The largest asteroid to pass by Earth in 2021 is also one of the fastest.
An asteroid similar in size to the Golden Gate Bridge will whip past Earth later this month — the largest and fastest asteroid to pass close to our Planet this year. But don’t worry, it won’t get too close. The space rock will travel a distance of about 2 million km away from our planet.
According to researchers, the diameter of the asteroid 2001 FO32 can reach 1.7 km. Of course, if hit the Earth it will not reach the surface intact, but meeting such a large rock would have very serious consequences for life on the entire Planet.
Although there’s no risk of impact, the space rock is of interest also because it’s one of the fastest space rocks known to fly by Earth. It’s traveling at about 76,980 miles per hour (123,887 km/h) or 21 miles (34.4 km) per second, relative to Earth. In contrast, Earth travels around the Sun at about 18 miles (30 km) per second. Since 2001 FO32 is good-sized and occasionally passes near Earth, it’s been classified as a Potentially Hazardous Asteroid. Its orbit is well known, and it poses no risk of impact.
On March 21, 2021, FO32 will be closest to Earth at 16:03 UTC at a distance of about 2 million kilometers or about about 5 lunar distances. Based on its brightness and the way it reflects light, the 2001 FO32 is probably 0.767 to 1.714 km in diameter, making it larger than 97% of the all asteroids we know.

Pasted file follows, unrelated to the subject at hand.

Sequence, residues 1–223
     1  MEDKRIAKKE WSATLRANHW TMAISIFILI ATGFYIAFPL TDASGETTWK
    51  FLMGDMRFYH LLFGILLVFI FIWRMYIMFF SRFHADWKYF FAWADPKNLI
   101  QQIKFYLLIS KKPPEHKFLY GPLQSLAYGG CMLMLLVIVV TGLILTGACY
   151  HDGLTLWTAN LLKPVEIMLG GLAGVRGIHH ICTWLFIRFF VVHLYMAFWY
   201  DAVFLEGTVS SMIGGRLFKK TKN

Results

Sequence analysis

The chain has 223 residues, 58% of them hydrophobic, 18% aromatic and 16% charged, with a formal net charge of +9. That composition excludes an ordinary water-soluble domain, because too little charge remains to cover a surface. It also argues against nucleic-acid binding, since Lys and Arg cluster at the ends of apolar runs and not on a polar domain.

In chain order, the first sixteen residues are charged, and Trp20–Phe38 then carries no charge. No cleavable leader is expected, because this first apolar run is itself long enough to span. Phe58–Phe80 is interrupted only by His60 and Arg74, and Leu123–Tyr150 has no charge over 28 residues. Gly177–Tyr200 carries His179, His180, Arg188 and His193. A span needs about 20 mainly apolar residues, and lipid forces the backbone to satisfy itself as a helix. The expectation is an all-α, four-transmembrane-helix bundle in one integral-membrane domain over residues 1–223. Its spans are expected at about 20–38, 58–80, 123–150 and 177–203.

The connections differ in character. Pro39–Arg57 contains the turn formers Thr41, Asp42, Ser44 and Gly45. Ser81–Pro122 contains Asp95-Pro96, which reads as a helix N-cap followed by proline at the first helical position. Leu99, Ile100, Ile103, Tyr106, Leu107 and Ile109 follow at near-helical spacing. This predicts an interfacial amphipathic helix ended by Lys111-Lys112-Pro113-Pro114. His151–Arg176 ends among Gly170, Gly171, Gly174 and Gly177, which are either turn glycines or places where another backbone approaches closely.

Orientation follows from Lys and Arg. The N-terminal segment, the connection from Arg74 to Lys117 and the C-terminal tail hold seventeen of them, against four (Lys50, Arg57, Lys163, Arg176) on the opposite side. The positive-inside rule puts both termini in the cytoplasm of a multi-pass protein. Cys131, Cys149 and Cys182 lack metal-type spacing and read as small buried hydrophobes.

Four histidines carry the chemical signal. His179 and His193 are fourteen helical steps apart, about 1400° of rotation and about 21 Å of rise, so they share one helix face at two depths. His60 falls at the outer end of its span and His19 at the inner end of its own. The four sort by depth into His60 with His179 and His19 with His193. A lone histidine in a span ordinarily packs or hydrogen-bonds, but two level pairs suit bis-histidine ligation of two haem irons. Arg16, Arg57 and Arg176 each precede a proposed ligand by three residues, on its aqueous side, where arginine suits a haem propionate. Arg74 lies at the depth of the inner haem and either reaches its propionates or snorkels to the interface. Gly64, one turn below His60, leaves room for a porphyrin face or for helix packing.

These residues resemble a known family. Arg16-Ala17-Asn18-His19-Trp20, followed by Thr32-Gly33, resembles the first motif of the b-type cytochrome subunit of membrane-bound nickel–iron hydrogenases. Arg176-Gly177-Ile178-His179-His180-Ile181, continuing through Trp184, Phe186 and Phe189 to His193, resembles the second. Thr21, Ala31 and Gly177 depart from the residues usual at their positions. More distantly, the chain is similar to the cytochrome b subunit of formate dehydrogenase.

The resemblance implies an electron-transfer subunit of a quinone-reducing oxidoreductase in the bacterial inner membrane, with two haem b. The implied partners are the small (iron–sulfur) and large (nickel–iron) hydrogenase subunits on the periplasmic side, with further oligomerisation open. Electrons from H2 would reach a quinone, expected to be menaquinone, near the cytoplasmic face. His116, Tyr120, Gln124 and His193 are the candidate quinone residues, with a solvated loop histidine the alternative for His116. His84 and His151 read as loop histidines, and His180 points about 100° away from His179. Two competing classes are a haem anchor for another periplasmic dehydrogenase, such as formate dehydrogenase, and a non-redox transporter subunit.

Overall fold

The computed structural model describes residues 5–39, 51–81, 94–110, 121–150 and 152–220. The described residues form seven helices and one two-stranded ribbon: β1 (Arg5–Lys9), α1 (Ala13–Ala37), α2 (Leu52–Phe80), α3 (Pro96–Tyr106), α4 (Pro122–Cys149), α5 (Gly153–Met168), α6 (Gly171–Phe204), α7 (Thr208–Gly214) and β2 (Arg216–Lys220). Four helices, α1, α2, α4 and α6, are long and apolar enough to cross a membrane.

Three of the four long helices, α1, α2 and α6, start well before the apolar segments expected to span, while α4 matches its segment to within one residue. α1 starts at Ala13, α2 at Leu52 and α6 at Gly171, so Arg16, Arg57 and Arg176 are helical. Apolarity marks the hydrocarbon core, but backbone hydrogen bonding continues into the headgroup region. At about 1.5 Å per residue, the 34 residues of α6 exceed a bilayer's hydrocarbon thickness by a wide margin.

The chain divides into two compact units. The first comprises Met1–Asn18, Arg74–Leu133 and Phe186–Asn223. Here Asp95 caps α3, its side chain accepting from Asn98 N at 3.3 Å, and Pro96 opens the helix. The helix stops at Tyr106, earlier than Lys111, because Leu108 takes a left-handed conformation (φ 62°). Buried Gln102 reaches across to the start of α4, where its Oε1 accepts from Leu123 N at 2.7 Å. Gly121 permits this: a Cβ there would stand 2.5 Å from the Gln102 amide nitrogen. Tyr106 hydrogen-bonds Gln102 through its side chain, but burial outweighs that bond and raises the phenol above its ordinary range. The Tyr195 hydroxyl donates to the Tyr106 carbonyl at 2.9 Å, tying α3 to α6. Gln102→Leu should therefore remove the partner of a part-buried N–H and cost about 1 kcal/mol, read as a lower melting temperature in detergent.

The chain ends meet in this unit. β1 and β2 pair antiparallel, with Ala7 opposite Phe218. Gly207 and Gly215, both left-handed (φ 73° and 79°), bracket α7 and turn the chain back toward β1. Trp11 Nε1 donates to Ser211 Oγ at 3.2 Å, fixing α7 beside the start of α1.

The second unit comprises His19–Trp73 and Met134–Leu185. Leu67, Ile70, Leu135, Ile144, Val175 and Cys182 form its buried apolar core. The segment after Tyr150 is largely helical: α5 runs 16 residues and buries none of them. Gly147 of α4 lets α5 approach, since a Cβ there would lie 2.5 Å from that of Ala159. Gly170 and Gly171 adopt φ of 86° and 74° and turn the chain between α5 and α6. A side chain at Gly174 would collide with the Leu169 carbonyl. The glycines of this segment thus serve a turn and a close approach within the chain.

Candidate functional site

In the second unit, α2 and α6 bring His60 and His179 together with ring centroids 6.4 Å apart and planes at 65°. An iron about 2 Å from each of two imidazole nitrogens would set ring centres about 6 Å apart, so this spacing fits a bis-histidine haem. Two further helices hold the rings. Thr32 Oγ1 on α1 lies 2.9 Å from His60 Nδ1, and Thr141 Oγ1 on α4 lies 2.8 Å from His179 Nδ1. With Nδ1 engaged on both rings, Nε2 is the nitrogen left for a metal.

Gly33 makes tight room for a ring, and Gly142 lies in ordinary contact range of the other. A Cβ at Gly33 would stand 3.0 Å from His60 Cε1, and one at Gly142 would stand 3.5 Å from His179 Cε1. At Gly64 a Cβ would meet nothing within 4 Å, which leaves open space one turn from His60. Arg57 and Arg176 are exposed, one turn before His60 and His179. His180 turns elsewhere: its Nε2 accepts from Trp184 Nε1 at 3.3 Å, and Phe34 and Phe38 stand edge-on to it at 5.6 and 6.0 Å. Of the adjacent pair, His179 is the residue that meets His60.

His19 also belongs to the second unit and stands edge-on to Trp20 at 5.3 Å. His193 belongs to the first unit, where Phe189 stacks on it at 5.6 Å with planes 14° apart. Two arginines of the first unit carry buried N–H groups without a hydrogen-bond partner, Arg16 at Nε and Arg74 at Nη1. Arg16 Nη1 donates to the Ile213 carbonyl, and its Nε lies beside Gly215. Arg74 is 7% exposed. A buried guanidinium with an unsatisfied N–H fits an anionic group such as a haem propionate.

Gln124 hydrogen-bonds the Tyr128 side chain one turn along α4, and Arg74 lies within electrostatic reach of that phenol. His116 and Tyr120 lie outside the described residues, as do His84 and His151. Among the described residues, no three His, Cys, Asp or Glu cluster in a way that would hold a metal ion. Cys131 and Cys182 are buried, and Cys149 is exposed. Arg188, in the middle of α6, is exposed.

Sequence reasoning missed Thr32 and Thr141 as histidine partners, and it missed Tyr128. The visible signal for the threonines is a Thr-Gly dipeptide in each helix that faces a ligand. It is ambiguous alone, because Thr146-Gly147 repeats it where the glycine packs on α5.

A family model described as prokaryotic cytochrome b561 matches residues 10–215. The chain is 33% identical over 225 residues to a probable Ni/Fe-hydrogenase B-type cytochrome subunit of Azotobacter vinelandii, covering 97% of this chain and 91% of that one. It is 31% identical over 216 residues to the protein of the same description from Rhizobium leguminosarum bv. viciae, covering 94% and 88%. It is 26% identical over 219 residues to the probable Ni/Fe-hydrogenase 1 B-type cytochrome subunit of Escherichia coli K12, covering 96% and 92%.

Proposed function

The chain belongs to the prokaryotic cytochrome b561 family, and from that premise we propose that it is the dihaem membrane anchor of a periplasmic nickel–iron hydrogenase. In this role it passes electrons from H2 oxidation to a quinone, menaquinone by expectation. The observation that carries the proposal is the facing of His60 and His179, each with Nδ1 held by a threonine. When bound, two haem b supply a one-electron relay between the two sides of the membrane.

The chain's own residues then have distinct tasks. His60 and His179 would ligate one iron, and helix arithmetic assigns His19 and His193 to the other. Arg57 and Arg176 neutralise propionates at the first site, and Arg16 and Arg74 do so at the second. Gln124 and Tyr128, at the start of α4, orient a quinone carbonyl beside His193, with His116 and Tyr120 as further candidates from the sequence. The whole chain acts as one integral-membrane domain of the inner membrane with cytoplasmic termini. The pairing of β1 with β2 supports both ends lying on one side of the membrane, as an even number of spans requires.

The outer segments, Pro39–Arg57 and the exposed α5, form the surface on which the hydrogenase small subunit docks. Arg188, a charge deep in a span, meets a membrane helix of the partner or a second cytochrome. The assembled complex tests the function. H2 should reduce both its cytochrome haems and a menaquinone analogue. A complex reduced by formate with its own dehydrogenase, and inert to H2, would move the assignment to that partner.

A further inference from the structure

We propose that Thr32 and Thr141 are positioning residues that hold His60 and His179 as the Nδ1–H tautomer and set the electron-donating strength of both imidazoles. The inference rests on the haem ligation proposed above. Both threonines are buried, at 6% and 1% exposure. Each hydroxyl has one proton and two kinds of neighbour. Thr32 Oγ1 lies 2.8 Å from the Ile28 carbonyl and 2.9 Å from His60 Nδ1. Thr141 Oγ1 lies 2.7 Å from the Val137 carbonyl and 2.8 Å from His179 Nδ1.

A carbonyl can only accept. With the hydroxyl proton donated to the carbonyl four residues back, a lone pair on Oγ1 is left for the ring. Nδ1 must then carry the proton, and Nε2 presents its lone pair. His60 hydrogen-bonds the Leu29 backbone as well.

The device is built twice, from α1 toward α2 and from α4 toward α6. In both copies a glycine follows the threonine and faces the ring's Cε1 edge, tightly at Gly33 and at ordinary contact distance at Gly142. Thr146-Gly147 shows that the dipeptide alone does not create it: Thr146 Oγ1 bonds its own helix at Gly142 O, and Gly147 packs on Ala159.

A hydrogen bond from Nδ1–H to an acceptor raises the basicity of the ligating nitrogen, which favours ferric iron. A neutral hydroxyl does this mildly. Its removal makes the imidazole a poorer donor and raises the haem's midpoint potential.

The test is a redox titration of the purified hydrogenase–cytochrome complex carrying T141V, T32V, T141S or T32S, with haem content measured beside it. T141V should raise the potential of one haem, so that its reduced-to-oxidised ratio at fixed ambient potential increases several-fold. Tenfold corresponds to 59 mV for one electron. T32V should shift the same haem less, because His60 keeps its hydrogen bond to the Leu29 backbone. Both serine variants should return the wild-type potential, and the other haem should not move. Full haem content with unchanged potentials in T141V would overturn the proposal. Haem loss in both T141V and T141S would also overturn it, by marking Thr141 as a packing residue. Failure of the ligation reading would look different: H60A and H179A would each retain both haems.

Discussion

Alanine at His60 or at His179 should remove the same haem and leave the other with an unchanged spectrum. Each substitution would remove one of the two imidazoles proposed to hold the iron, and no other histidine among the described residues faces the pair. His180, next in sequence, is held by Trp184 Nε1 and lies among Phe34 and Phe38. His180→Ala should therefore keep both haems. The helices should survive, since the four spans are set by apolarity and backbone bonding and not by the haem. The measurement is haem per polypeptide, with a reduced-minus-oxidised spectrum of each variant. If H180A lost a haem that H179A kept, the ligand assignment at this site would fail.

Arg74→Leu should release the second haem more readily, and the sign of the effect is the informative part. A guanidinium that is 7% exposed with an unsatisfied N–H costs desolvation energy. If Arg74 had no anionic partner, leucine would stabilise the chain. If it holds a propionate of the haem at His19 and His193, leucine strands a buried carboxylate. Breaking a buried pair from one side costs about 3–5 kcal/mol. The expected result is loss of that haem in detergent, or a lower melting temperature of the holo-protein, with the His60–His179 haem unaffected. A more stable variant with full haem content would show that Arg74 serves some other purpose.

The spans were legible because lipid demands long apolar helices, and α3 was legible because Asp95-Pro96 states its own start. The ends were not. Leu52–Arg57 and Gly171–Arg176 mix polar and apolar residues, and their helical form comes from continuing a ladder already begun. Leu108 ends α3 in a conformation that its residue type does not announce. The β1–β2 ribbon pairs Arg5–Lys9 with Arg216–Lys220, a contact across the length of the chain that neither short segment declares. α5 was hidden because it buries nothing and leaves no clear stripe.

“This is the closest predicted approach in 2021 for any moderately large asteroid, where ‘moderately large’ means at least several hundred meters in size,” Paul Chodas, the Director of the Center for Near-Earth Object Studies, told CBS News on Wednesday.
No known asteroid poses a significant risk to Earth for the next 100 years. The current biggest known threat is an asteroid called (410777) 2009 FD, which has a 1 in 714 (less than 0.2%) chance of hitting Earth in 2185, according to NASA’s PDCO.
If you have a telescope with an aperture of at least 8 inches (20 centimeters), you might be able to spot the fast-moving space rock, according to EarthSky. To catch a glimpse in the southern U.S., point your telescope south-southeast between the constellations of Sagittarius and Corona Australis at 4:45 a.m. EST on March 20.
For information on monitoring, see TheSkyLive.